Every Tuesday our worship staff gets together to plan the services for the next two Sundays. We begin each meeting with a devotion and prayer to help center our minds and hearts as we work through planning process. This past week for our devotion, we were asked to share a short story about a time when our lives were changed in some way. Along with the story, we were supposed to build an imaginary Play-Doh image of the catalyst of our change. With each story, books, retreat centers, and even our own church sanctuary were created in our minds. Each of the stories was meaningful and gave us an opportunity to learn more about one another as coworkers in ministry.
At seminary, I discovered a freedom that I had never known before. The word freedom has taken on a new significance for me even though physically I have lived in a free country, able to freely worship in a church, work at a job of my choice and travel whenever and wherever I want to go. However, I had never known the freedom to question my spiritual doubts and fears and freely engage in conversations with others about faith. My whole life I have craved to know more about the people in the Bible, their stories of doubt, trust and ultimately their faith. I didn’t know that by questioning all aspects of who God is meant that I would not be held in contempt for doing so. What started out as an opportunity to study the stories I hold so dear; it gave me an opportunity to grow in my understanding that God does not judge all of my imperfections but quite the opposite. God loves me wholly in spite of them.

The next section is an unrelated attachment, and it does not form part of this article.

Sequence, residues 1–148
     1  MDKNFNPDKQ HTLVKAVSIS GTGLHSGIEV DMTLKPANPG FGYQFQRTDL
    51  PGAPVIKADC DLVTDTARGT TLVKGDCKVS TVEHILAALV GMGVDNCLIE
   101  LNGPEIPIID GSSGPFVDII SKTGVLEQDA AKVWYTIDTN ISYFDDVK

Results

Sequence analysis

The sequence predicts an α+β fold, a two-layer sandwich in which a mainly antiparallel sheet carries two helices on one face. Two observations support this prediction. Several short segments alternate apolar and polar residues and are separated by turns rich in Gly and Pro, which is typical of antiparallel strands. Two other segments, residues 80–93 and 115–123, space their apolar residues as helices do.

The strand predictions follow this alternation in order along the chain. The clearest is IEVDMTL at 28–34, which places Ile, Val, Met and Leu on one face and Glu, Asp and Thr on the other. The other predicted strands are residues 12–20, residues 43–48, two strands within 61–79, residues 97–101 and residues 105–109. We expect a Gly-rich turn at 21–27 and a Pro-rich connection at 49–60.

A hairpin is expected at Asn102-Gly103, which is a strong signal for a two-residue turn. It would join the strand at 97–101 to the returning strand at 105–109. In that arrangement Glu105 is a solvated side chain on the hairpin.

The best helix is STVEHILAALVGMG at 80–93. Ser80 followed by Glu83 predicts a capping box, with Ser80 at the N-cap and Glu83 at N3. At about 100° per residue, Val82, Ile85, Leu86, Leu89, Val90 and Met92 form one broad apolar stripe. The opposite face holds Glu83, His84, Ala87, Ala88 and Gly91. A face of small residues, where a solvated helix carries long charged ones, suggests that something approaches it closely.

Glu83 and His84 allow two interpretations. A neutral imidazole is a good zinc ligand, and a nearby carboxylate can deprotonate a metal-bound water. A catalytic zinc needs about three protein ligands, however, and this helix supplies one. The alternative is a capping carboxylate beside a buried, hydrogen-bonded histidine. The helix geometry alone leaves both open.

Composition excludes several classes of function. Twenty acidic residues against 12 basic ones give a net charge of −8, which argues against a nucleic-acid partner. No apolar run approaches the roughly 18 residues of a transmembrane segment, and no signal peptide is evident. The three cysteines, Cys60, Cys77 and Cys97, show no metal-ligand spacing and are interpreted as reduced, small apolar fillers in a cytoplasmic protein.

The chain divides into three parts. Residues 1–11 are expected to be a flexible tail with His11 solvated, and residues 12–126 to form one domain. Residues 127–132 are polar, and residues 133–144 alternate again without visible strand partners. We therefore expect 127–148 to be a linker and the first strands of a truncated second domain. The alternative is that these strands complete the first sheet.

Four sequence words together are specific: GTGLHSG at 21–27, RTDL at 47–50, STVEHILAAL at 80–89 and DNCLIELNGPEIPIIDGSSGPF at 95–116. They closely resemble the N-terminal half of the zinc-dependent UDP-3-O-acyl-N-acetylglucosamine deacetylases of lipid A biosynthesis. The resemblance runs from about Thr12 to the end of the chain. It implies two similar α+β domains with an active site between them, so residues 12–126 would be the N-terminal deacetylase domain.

Letting go of trying to be perfect and just let God take over my life took practice and a lot of processing. Seminary gave me the freedom to do that. In the scriptures we find that God chose many imperfect people to do the God’s saving work in the world. Just look at some of the characters of the Old Testament like Abraham who gave his wife away two different times so that he would not be in danger, or Jacob who was a conniver and a liar, or Moses who murdered an Egyptian and of course David, who envied another man’s wife and had him killed to have her. We could continue to look into the New Testament as well starting with the disciple Peter, who denied Jesus, or Paul (Saul) who threw followers of Christ into jail and stood back and watched as one of them was stoned to death. Our imperfections have never stopped God from working with us to change a very flawed world. Again, seminary gave me to opportunity to be free to study, worship and learn from others about God’s grace and undying love for me. I am set free just as it states in 2 Cor. 3:17, “Now the Lord is the Spirit, and where the Spirit of the Lord is, there is freedom.” Luther Seminary changed the course of my understanding about freedom in Christ. Within the walls of learning and study, God built a home of faith, not with Play-Doh but with love and grace.